New book on Junkets

The life of John Keats the man: his family, his friends, and his contemporaries.

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Re: New book on Junkets

Postby Cybele » Sun Feb 28, 2010 12:34 am

Raphael wrote:

Then I remembered that my favorite American Transcendentalist lived with the Keats family in Louisville -- and he was ardently anti-slavery.


Who was that?


That was James Freeman Clarke -- the American Transcendentalist few have heard of. He was one of the charter "Transcendentalist Club" members at Harvard, along with the other better-known folks. He edited a small magazine called "The Western Messenger." It was within the pages of this magazine that some of John Keats's poetry first appeared on this side of the Atlantic.
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Re: New book on Junkets

Postby Credo Buffa » Mon Mar 01, 2010 7:16 pm

Maureen wrote:If George had stayed around until after Tom's death it would have been even harder to leave John all alone: in fact John may well have gone to America with them.

Excellent point. With so many family tragedies under their belts, it would be hard for any of the Keats siblings to leave for any reason without some sense of abandonment. Plus, we have to remember that Fanny K was still there in the mix. Could either, much less both of them, go to America without considering that she would then be left with no family? No matter what, someone would be cut off somehow, be it by geography or the loss of hopes and aspirations.
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Re: New book on Junkets

Postby keatsclose » Thu Mar 04, 2010 12:43 pm

The Plumly book sounds interesting. Thanks, everyone.

Trawling through Amazon I just came across this title, published in 2007 by Ashgate: Keats, Hermeticism and the Secret Societies by Jennifer N. Wunder.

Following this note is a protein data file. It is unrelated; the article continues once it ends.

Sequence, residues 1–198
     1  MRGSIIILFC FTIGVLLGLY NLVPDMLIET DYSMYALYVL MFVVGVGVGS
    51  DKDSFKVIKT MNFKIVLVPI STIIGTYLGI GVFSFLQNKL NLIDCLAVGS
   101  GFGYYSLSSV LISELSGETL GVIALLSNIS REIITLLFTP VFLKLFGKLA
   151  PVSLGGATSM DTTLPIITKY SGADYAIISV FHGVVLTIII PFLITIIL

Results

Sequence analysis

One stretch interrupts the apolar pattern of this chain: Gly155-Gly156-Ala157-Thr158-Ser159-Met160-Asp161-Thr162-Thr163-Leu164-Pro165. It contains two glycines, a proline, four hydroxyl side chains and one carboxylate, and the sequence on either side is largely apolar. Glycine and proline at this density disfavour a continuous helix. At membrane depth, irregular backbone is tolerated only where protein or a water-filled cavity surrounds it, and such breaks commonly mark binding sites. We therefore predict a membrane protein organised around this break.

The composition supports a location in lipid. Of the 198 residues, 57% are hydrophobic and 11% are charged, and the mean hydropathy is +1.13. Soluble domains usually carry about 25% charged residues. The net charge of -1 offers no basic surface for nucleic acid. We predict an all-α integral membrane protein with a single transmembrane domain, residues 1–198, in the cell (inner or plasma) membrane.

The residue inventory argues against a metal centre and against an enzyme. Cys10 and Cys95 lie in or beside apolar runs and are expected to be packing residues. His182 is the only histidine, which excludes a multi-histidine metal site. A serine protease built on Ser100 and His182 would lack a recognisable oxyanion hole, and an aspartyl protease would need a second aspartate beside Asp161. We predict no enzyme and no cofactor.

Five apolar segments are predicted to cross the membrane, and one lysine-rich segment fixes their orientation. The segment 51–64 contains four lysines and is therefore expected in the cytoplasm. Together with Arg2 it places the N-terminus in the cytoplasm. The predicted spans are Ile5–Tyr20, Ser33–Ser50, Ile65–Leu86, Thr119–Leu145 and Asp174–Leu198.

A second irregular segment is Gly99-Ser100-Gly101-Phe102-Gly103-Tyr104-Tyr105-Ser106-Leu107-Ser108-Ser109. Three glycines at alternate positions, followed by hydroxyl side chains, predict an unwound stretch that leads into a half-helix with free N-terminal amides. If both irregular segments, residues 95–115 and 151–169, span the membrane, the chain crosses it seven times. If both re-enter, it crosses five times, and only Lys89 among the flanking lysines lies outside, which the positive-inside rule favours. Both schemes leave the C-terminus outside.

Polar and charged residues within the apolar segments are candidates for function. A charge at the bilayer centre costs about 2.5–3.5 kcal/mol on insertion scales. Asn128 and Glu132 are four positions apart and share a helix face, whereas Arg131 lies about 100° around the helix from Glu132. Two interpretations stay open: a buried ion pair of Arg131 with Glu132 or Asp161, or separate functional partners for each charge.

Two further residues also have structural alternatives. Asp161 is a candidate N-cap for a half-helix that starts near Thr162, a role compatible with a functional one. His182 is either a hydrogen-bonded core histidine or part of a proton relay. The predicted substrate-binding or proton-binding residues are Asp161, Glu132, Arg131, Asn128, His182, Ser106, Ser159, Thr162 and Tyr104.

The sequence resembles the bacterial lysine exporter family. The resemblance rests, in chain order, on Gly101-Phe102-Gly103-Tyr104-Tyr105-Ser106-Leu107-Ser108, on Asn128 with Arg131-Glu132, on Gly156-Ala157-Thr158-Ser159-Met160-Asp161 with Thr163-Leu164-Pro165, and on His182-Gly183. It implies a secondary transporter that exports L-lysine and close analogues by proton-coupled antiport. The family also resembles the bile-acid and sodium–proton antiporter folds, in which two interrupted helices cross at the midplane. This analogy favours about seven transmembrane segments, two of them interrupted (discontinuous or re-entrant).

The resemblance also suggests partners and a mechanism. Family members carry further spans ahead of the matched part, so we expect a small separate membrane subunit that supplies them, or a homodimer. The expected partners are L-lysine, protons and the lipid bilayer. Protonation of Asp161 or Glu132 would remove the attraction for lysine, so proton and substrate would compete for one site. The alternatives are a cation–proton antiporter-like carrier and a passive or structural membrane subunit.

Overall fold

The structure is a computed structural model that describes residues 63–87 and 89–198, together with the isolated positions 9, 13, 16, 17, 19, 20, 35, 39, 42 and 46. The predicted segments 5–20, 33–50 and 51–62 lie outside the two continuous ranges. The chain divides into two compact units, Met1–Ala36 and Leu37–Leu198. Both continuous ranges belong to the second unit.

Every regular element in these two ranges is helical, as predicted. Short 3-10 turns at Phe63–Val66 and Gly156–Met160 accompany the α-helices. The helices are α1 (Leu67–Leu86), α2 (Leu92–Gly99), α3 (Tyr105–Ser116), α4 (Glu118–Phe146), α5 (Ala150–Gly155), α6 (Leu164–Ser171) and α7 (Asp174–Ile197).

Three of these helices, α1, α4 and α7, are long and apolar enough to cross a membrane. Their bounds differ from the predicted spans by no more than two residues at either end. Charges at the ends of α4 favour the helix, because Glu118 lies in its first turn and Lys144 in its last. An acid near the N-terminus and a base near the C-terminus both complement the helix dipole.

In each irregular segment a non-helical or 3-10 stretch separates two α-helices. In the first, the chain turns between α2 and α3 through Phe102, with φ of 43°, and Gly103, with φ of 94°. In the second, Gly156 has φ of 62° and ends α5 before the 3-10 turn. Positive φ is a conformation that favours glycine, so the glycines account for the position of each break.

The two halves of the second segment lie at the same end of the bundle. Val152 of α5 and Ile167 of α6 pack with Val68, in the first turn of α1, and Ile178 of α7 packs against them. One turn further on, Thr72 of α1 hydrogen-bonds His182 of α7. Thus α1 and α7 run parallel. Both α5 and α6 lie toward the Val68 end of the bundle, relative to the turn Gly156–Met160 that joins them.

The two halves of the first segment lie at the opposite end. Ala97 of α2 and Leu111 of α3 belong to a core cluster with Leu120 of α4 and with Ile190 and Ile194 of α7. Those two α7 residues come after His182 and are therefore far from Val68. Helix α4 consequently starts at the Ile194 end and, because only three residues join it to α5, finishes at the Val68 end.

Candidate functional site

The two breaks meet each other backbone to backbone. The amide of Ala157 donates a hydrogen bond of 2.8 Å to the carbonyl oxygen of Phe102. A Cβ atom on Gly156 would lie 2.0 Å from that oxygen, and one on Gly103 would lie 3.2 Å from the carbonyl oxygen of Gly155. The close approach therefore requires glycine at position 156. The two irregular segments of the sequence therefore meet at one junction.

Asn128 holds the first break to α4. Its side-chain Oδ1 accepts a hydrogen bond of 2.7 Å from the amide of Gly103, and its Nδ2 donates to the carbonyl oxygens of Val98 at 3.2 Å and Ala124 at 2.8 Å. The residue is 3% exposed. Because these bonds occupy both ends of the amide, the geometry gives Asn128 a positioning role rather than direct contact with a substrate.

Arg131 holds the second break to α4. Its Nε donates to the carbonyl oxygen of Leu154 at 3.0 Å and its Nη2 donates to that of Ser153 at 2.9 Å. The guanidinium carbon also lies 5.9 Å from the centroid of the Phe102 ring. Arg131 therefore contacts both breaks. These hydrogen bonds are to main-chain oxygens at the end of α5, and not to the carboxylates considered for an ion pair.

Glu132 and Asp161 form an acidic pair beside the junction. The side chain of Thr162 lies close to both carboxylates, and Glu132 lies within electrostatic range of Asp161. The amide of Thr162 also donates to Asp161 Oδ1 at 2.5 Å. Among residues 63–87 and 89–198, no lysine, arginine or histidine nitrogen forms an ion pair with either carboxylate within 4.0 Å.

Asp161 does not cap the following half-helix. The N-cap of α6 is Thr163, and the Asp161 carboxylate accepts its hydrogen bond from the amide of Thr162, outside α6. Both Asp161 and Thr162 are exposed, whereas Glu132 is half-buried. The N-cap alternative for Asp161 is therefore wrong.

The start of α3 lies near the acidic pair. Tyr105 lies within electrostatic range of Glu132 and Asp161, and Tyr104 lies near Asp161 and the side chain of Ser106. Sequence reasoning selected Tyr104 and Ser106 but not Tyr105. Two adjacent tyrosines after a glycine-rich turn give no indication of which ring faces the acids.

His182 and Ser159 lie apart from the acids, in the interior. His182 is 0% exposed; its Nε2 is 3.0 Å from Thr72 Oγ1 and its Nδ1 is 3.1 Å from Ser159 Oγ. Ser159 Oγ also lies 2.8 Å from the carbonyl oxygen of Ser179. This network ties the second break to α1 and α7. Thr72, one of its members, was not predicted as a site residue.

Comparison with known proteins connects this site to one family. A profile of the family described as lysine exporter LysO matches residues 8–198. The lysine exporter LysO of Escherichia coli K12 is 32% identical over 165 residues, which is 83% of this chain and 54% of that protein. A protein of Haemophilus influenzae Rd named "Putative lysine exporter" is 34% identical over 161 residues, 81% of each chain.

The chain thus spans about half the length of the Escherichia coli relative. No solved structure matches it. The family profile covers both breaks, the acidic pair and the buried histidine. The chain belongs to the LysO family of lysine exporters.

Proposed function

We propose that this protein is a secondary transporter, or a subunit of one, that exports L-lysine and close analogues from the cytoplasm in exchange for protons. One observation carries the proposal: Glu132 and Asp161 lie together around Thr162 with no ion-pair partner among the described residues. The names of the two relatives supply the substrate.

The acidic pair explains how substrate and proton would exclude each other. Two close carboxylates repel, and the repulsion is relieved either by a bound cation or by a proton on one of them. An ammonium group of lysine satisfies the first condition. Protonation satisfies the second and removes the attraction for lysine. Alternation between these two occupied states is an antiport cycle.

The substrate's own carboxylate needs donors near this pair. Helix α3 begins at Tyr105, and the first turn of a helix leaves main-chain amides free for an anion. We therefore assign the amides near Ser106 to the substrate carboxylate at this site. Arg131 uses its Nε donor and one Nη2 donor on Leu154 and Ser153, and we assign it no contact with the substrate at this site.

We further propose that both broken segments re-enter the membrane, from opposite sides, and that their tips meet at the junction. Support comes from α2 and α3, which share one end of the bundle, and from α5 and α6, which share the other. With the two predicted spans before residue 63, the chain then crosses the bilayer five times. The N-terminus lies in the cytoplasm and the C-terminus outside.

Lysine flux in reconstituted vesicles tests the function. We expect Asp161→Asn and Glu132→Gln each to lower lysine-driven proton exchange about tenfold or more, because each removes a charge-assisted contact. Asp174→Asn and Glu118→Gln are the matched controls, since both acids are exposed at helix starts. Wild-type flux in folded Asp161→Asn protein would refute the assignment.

Drawing on correspondence between Keats in his medical student days and a gentleman named Spurgin outlining the philosophy of Swedenborg, the book claims to find an influence of the
aforementioned ideas on JK's poetry. It's one of those Amazon 'look inside' titles, so you can check out the opening pages. I had a feeling someone somewhere would have written a book like this.

Whether it's any good is of course another matter.
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Re: New book on Junkets

Postby Raphael » Thu Mar 04, 2010 2:15 pm

That was James Freeman Clarke -- the American Transcendentalist few have heard of. He was one of the charter "Transcendentalist Club" members at Harvard, along with the other better-known folks. He edited a small magazine called "The Western Messenger." It was within the pages of this magazine that some of John Keats's poetry first appeared on this side of the Atlantic.


Thanks for this interesting fact.
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who we are because of what you left,
what it is we are in what we make of you.

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Re: New book on Junkets

Postby Raphael » Thu Mar 04, 2010 2:16 pm

keatsclose wrote:The Plumly book sounds interesting. Thanks, everyone.

Trawling through Amazon I just came across this title, published in 2007 by Ashgate: Keats, Hermeticism and the Secret Societies by Jennifer N. Wunder.
Drawing on correspondence between Keats in his medical student days and a gentleman named Spurgin outlining the philosophy of Swedenborg, the book claims to find an influence of the
aforementioned ideas on JK's poetry. It's one of those Amazon 'look inside' titles, so you can check out the opening pages. I had a feeling someone somewhere would have written a book like this.

Whether it's any good is of course another matter.


I will have to check this out too!
John....you did not live to see-
who we are because of what you left,
what it is we are in what we make of you.

Peter Sanson, 1995.
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Re: New book on Junkets

Postby Cybele » Fri Mar 05, 2010 3:33 am

keatsclose wrote: Trawling through Amazon I just came across this title, published in 2007 by Ashgate: Keats, Hermeticism and the Secret Societies by Jennifer N. Wunder.
Drawing on correspondence between Keats in his medical student days and a gentleman named Spurgin outlining the philosophy of Swedenborg, the book claims to find an influence of the
aforementioned ideas on JK's poetry.


I think a remember reading (about a gazillion years ago, 'tho'. :D ) about a Swedenborgian influence.

This could be a very interesting read -- or it could be an example of someone's dissertation having gone hopelessly esoteric. :lol:

Thanks for the heads-up!
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